Date
20 July 2017
Another flu patient, a 17-month-old baby girl, died in February. She was given Tamiflu 22 hours after being admitted to Queen Elizabeth Hospital. Photo: HKEJ
Another flu patient, a 17-month-old baby girl, died in February. She was given Tamiflu 22 hours after being admitted to Queen Elizabeth Hospital. Photo: HKEJ

Nighttime lab test services to be reviewed amid flu scare

Hospital Authority chief executive Dr. Leung Pak-yin said the authority will review laboratory test services for influenza after the recent death of a six-year-old boy from flu, the Hong Kong Economic Journal reported Monday.

Leung expressed deep condolences to the boy’s family, RTHK reported.

He said lab test services are available seven days a week in hospitals with accident and emergency departments during the current peak season for flu.

But whether the services are provided to patients during the night would depend on necessity and priority.

Leung stressed that the drug Tamiflu should be prescribed with caution and based on the assessment and condition of the patient.

The boy’s family had complained that he wasn’t given Tamiflu until it was too late.

Meanwhile Apple Daily revealed Monday that, in a similar case, another child fell victim to the influenza A virus and died from flu complicated by encephalitis on Feb. 23.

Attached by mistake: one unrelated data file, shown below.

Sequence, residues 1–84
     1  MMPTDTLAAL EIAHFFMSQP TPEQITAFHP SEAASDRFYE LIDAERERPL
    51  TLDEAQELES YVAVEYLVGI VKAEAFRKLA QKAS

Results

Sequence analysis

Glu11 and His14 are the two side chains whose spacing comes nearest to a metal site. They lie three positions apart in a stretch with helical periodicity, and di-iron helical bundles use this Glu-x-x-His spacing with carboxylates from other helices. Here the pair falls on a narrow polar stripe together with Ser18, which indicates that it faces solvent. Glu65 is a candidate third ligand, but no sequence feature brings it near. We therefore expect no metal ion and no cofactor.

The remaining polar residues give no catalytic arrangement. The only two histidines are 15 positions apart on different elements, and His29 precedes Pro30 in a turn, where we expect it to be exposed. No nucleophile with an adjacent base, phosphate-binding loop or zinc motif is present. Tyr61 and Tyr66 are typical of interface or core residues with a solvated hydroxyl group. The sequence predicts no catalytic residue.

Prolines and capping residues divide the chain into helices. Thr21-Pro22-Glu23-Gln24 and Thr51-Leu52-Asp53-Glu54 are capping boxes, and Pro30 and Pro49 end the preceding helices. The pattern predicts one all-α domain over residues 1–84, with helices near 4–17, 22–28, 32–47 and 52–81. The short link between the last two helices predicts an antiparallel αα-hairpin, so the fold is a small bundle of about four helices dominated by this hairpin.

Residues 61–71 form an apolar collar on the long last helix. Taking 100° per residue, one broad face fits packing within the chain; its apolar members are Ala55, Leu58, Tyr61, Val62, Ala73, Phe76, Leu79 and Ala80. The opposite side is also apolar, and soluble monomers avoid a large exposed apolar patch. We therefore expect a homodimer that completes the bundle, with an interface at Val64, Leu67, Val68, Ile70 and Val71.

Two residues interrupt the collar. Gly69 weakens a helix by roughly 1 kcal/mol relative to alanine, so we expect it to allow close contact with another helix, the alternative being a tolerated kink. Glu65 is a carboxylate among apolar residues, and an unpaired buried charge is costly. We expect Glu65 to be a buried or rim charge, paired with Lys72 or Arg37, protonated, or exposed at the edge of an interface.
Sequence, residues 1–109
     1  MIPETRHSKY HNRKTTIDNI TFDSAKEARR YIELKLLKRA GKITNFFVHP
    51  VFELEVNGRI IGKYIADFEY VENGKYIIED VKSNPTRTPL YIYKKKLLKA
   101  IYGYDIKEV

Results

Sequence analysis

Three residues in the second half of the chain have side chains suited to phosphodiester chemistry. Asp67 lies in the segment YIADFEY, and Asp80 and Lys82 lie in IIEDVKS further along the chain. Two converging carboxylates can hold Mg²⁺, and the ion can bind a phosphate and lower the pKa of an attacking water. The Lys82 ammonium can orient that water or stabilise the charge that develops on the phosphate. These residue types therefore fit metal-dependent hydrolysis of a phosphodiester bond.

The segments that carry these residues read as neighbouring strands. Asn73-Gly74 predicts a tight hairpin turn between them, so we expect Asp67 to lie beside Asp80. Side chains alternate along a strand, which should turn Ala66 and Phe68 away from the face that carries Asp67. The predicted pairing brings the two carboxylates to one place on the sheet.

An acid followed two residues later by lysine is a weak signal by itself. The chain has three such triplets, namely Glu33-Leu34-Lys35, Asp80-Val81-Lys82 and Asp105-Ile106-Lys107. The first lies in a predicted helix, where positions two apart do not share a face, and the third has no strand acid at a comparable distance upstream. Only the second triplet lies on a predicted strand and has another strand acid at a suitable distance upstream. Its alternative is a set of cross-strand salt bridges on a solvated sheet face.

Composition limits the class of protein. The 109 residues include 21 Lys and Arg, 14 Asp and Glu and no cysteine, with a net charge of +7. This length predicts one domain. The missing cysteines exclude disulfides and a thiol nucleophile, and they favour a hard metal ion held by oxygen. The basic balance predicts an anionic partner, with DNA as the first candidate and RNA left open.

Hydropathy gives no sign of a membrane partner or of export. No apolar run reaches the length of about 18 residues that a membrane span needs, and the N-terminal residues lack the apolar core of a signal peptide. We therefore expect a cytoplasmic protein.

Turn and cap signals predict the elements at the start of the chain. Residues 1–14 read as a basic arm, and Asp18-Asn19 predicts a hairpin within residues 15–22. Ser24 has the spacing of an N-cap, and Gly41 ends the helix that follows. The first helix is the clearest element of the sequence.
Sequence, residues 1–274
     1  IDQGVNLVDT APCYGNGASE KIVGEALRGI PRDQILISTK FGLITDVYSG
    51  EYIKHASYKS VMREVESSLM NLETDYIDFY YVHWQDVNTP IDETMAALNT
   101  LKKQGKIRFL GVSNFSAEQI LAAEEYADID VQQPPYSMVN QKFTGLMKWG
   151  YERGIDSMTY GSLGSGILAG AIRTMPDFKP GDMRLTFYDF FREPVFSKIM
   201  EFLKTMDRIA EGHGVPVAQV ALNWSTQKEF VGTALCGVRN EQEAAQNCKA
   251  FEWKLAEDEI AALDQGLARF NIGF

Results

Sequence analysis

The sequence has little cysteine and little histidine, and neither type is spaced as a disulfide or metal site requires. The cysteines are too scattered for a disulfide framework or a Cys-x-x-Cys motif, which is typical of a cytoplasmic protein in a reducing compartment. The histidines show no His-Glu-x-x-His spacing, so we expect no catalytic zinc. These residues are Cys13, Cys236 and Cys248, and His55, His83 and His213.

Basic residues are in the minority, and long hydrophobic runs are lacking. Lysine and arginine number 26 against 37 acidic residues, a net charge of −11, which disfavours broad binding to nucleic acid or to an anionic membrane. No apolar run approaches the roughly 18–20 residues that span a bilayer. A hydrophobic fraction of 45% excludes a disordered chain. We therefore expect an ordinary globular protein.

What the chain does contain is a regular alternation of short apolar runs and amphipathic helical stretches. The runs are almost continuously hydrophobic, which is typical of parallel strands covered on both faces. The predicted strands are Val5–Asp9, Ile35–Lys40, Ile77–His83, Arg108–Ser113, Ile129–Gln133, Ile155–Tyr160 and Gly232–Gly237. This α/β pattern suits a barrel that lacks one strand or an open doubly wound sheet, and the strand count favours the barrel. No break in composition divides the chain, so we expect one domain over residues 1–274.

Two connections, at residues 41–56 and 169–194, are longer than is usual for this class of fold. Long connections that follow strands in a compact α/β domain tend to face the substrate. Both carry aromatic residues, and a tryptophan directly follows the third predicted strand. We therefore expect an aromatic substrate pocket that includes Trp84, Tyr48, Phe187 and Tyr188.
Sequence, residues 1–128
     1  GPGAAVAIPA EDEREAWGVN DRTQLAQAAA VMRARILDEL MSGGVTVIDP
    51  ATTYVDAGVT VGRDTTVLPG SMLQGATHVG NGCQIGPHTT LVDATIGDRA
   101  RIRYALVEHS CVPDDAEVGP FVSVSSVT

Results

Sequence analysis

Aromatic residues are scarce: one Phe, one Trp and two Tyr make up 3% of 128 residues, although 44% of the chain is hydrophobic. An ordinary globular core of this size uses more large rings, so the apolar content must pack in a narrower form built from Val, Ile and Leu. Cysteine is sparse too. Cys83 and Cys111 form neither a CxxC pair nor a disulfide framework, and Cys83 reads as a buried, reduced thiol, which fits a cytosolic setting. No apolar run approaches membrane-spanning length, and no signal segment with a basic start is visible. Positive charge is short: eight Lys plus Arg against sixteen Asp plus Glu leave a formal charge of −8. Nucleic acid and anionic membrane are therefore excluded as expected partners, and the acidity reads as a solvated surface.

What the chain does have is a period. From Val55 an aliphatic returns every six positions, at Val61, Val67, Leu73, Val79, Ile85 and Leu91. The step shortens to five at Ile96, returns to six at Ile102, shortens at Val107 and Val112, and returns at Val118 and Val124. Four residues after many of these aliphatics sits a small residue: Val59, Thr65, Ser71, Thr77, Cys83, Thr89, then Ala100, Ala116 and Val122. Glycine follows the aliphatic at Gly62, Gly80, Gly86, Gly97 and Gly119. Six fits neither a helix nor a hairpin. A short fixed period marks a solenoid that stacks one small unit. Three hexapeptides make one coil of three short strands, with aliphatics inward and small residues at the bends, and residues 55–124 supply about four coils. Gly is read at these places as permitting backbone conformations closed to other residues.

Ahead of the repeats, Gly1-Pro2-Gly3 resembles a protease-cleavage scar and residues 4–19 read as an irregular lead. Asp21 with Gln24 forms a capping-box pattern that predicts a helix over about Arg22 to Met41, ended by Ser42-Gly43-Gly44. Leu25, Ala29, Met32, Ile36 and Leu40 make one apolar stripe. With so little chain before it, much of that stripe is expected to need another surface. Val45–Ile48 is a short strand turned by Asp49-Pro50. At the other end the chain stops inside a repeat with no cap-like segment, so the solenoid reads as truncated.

Parents of the 17-month-old baby girl, surnamed Tou, told the media their daughter had a 38C fever and other flu symptoms, such as coughing and a runny nose, on Feb. 9.

They took their daughter to Hong Kong Baptist Hospital at midnight, where the doctor diagnosed her ailment as an upper respiratory infection and then prescribed medicines for sore throat and fever.

The parents tried to have their daughter hospitalized but were told the pediatric wards of Baptist Hospital and other private hospitals were full.

The condition of the girl deteriorated in the afternoon, and the parents took her by ambulance to the emergency department of Queen Elizabeth Hospital at 2:13 p.m., where she was prescribed anticonvulsant and anti-fever drugs.

At 4 p.m., she was transferred to the pediatric ward, had a sample taken for rapid diagnostic testing for flu at 5:30 p.m. and then redirected to the pediatric intensive care unit.

Her parents slammed the delays in the prescription of Tamiflu, which was eventually given to the girl at noon Feb. 11 (22 hours after she was admitted to the hospital), and in the test results, which were made available only at 4 p.m. Feb. 11.

The girl fell into a coma owing to severe brain damage and died 14 days later.

Her father told the newspaper that, although he understood the medical staff had tried their best, the baby might have been able to survive if test results had not taken so long and Tamiflu had been given to her earlier.

Queen Elizabeth Hospital expressed deep condolences on the death of the girl.

It said the flu test result was delivered within 24 hours, fulfilling the requirement set by the Hospital Authority.

Six-year-old flu patient dies after failing to get Tamiflu (May 13, 2016)

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